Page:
The Middle Ages in Val Camonica marked a resumption of the rock engravery, starting from the first phase of the Medieval Ages. Many of the inscriptions during this period are Christian symbols, such as crosses and keys, that were joined and overlapped with those considered pagan symbols, in the background, in an attempt to sacralize these places.
Discovery and evaluation
The first documented report of the engraved stones dates back to 1909, when Walther Laeng pointed out to the National Committee for the Protection of Monuments two boulders decorated around Cemmo (Capo di Ponte). Only in the 1920s, however, did the rocks pique the interest of scholars, including Giuseppe Bonafini, geologist Senofonte Squinabol, and, since 1929, Torinese anthropologist Giovanni Marro and Florentine archaeologist Paolo Graziosi. Soon numerous engravings were also discovered on the surrounding rocks, and research was conducted not only by Marro, but also by Raffaele Battaglia for the Superintendent to the Antiquities of Padua.
In the 1930s, the reputation of the cuts was more commonly known in Italy and abroad, so that between 1935 and 1937 an extensive campaign of studies was conducted by Germans Franz Altheim and Erika Trautmann. Altheim started reading into the engravings Nazi ideologies, which were soon imitated in a fascist work by Marro, identifying them as evidence of a supposed ancestral Aryan race.
The mapping and cataloging resumed after the Second World War, led by Laeng and conducted by scholars of the infant Museum of Natural Sciences of Brescia, consisting of both national and international experts. In 1955, with the institution of the Parco nazionale delle incisioni rupestri di Naquane by the Archaeological Superintendent of Lombardy, work began to preserve the rocks and their inscriptions. The explorations of Emmanuel Anati began in 1956 and discovered new petroglyphs. The systematic nature of these studies enabled him to publish, in 1960, the first volume of general summary about "La civilization du Val Camonica". In 1964, Anati founded the Centro Camuno di Studi Preistorici (Camunian Center of Prehistoric Studies). The first "Valcamonica Symposium", was held in 1968; first in a long series of conferences, convening in Valcamonica many scholars of art and prehistoric life.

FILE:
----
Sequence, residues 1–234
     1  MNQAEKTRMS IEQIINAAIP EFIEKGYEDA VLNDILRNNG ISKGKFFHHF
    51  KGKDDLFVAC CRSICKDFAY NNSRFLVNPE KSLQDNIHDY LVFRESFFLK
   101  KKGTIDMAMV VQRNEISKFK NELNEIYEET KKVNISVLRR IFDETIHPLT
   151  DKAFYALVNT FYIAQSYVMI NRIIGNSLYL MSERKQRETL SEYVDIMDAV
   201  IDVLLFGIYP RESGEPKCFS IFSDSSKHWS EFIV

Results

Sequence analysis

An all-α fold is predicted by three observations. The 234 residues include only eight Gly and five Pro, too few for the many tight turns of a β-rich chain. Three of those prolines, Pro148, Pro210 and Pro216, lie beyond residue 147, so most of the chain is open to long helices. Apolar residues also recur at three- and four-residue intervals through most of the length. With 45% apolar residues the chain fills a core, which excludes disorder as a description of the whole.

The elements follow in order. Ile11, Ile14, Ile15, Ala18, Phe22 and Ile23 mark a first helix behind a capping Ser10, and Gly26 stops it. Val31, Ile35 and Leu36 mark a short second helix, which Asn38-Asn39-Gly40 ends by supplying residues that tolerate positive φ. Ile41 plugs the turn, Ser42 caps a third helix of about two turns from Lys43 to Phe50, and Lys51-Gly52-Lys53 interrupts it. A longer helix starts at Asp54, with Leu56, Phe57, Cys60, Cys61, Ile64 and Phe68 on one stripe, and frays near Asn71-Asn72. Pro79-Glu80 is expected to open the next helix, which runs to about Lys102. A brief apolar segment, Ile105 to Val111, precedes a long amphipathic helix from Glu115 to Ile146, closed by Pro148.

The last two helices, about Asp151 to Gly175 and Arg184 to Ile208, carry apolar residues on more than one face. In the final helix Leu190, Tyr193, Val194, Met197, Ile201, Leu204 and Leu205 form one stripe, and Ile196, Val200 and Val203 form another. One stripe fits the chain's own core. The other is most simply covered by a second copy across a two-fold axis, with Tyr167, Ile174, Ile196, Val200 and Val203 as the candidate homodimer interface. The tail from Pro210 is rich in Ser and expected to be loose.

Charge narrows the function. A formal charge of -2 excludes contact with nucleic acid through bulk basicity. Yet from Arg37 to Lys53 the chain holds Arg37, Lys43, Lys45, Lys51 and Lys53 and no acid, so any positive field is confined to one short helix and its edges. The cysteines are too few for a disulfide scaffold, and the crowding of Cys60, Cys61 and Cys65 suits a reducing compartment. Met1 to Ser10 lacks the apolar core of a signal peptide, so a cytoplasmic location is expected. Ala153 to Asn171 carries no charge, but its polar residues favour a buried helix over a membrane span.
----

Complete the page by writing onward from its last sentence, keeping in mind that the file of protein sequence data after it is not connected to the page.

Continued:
After its inclusion by UNESCO as World Heritage Site number 94, continuing research has further broadened the heritage rocks recorded.
Parks of rock art
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- The intellectual expressions of prehistoric man, art, and religion, Acts of the Valcamonica Symposium, 1979.
Media related to Petroglyphs in Val Camonica at Wikimedia Commons